‘Ignorance’: White House sends unrelated form letter after 9/11 survivor’s request to pull bin Laden ad

Vince Coglianese Editorial Director
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An open letter from a 9/11 survivor to President Obama requesting that the president cease invoking the death of Osama bin Laden as a re-election tool has been answered with a completely unrelated form response from the White House.

That response, provided to The Daily Caller, did not include a single reference to Army Major David King’s objections and instead reminded him that, “Each day, I hear from concerned men and women who are struggling in this economy.” What follows is an 1100-word insistence that Obama is attempting to turn the economy around. The letter ends by telling Maj. King, “For more information on jobs, health benefits, housing assistance, and other public resources, you may also call 1-800-FEDINFO or visit www.USA.gov.”

Nowhere in the White House letter is the bin Laden raid mentioned. A Google search of the text shows the same response letter is often sent to individuals who write critical letters to the White House.

“I was disappointed that I didn’t receive anything specifically addressing my concern,” King told TheDC in a phone interview. “All I got back was a re-election letter.”

King is a former Army Special Forces operator and wounded survivor of al Qaida’s September 11, 2001 attack on the Pentagon. One of his colleagues described King’s injuries that day.

“Maj. David King came walking out of the smoke from the direction of the fire,” recounted former Army Major Bill Delaney in a description published on VillageLife.com in 2011.

“As he limped toward us with his shredded uniform and skin hanging from his burns, completely covered in a white ash, he looked like a ghost. Dave shared an office with Jerry Dickerson and Staff Sgt. White. Tragically both were killed in the [plane’s] impact, but miraculously Dave had survived. Dave had burns on 70 percent of his body and would endure many months of recovery before he returned to duty,” said Delaney.

The White House did not return a request for comment on whether King’s unique credentials should have merited a personalized response instead of a form letter.

King said he was surprised the White House wouldn’t at least write back something to the effect of, “‘Let it be known that we understand from where you’re coming from, from your position and what you’ve gone through that you are making a legitimate complaint and we will address that.’ They didn’t even try.”

The Obama Administration may view responding to King’s letter as a political liability.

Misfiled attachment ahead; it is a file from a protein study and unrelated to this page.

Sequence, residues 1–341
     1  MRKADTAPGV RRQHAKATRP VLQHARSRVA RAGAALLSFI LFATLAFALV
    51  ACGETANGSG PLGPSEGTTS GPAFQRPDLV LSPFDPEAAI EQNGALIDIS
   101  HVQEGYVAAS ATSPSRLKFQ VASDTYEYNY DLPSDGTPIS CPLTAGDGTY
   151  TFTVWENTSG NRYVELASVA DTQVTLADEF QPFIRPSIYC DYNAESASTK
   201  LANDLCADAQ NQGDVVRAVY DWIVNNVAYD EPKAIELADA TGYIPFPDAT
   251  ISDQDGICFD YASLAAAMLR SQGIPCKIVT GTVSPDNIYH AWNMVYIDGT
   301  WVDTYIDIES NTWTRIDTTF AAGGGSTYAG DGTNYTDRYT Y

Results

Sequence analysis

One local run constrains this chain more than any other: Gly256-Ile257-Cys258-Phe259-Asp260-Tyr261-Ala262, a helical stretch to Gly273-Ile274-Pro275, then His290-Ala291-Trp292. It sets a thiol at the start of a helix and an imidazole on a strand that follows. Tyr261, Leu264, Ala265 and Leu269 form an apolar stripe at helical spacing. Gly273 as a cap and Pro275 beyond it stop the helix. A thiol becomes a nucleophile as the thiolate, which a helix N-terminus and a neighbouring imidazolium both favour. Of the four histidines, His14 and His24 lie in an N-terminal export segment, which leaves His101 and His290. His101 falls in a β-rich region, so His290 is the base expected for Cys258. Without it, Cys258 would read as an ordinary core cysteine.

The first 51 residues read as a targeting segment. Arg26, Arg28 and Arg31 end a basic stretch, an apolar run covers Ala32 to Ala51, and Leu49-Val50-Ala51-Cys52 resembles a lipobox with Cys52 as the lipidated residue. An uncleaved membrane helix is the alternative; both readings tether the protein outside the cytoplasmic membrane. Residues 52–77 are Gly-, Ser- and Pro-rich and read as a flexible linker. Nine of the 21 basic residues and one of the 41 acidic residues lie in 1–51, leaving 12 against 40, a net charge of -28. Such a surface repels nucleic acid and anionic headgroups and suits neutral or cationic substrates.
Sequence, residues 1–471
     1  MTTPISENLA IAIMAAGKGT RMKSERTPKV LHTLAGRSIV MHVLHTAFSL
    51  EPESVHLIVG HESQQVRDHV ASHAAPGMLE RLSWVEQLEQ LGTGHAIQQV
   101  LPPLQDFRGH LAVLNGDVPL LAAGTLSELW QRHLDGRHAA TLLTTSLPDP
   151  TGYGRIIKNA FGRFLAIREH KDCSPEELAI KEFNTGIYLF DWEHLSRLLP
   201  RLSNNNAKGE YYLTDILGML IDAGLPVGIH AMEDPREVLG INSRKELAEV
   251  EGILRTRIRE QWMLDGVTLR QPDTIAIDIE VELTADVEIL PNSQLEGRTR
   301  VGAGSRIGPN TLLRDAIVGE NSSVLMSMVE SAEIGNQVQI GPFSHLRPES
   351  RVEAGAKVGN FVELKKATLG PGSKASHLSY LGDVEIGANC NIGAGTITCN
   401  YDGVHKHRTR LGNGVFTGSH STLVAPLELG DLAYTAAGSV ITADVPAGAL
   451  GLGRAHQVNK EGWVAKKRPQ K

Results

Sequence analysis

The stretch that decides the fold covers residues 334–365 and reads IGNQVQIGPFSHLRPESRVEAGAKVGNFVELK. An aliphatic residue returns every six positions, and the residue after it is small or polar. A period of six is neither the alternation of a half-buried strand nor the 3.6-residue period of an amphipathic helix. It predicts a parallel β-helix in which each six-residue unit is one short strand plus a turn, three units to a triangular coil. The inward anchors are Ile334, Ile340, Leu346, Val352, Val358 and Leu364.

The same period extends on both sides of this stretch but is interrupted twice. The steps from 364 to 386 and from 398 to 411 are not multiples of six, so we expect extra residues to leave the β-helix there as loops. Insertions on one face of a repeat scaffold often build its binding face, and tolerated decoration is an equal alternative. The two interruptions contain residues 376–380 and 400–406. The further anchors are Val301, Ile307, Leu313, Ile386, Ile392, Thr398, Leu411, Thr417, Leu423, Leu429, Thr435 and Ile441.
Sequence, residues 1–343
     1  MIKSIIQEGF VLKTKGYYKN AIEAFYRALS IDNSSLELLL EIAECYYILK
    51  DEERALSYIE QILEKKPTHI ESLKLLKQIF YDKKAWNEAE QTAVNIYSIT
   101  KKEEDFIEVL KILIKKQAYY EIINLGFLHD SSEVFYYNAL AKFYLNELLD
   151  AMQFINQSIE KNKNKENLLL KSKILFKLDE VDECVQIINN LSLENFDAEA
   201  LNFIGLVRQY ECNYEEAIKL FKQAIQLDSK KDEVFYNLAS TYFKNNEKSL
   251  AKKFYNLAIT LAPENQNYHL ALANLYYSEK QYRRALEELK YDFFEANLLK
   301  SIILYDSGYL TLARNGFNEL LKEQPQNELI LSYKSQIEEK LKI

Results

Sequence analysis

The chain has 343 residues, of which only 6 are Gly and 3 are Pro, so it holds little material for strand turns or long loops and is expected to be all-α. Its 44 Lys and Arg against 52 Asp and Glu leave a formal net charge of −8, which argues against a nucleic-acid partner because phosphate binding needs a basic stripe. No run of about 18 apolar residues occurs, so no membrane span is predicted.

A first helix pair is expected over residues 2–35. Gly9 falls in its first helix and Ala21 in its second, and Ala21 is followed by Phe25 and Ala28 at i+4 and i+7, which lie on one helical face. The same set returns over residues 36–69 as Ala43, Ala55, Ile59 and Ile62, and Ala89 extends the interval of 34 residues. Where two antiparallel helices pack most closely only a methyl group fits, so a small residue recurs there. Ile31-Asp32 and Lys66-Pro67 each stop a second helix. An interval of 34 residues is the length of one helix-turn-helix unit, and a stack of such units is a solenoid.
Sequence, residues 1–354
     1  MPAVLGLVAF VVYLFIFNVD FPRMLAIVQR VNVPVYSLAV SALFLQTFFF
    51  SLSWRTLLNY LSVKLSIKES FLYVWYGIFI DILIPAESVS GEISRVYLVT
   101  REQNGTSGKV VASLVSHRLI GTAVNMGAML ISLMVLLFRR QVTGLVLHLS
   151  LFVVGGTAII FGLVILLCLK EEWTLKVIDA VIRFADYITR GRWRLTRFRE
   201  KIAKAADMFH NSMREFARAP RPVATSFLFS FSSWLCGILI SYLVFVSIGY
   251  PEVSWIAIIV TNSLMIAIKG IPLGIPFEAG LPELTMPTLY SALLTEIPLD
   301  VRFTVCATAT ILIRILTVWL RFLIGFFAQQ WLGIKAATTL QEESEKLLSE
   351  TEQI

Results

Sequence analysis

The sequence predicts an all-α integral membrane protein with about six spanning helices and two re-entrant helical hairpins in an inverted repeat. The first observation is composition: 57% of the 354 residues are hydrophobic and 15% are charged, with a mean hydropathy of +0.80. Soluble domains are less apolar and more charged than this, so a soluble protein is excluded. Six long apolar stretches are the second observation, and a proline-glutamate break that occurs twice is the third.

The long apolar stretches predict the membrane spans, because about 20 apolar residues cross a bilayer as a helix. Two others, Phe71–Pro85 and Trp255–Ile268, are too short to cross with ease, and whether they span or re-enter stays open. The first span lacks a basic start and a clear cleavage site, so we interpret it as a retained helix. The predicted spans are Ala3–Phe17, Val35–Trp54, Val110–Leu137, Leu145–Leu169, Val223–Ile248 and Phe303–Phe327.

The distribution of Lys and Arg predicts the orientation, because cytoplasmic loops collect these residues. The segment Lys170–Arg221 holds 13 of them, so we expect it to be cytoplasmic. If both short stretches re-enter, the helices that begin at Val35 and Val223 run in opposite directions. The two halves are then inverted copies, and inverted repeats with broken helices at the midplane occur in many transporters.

In 2012, King has publicly criticized the president alongside a group of former service members that make up the Special Operations OPSEC Education Fund. The group has received a flurry of media attention for criticizing the president over “politically capitalizing on US national security operations and secrets,” including the raid that killed Osama bin Laden.

On April 27, Obama’s campaign posted a one-and-half-minute video to YouTube called “One Chance.” It featured former President Bill Clinton praising Obama for his decision to give the Navy SEALs who killed bin Laden the go-ahead.

“Look, he knew what would happen. Suppose the Navy SEALs had gone in there and it hadn’t been bin Laden,” Clinton suggested, “Suppose that they had been captured or killed. The downside would have been horrible for him [Obama].”


That video was also shown at the Democratic National Convention in Charlotte, NC at the beginning of September. That’s when King decided to speak out.

“[A]s both a Special Forces veteran and a survivor of the 9/11 attack on the Pentagon,” King wrote to Obama on September 10, “it was frustrating and disappointing to me that your re-election campaign used the bin Laden raid as the basis for a divisive and partisan ad.”

The video, King wrote to Obama, also “unleashes a vicious attack on your political opponent,” framing Mitt Romney as unwilling to pursue bin Laden in 2007.

“That was a terrible lapse in judgment,” King wrote. “Why is it appropriate to use our nation’s response to 9/11 as the basis for a partisan campaign ad?”

“It was an awful mistake to make this ad,” King concluded, “but you can correct it by ordering it to be removed [from] your campaign websites and YouTube. You can further do the right thing and pledge that neither you, nor anyone associated with your campaign, will use the operation that brought justice for the attacks of 9/11 for partisan political advantage again.”

King told TheDC that he realizes the White House receives a lot of correspondence, but given the White House’s unrelated response, it’s unlikely anyone there ever read his letter.

“I don’t even think they ever read it,” King said. “Maybe they read the beginning of it and said ‘oh we’re not going to waste our time with this. Who cares? This one individual — he doesn’t matter’ — and just sent back a form letter.”

King believes that the way his letter was handled is “a reflection of the folks that are running things in the White House — the lack of knowledge, to the point of ignorance, about the military that exists there.”

“It’s almost like there’s a lack of concern about the yeoman soldiers that are out there doing the bidding for the king,” he concluded.

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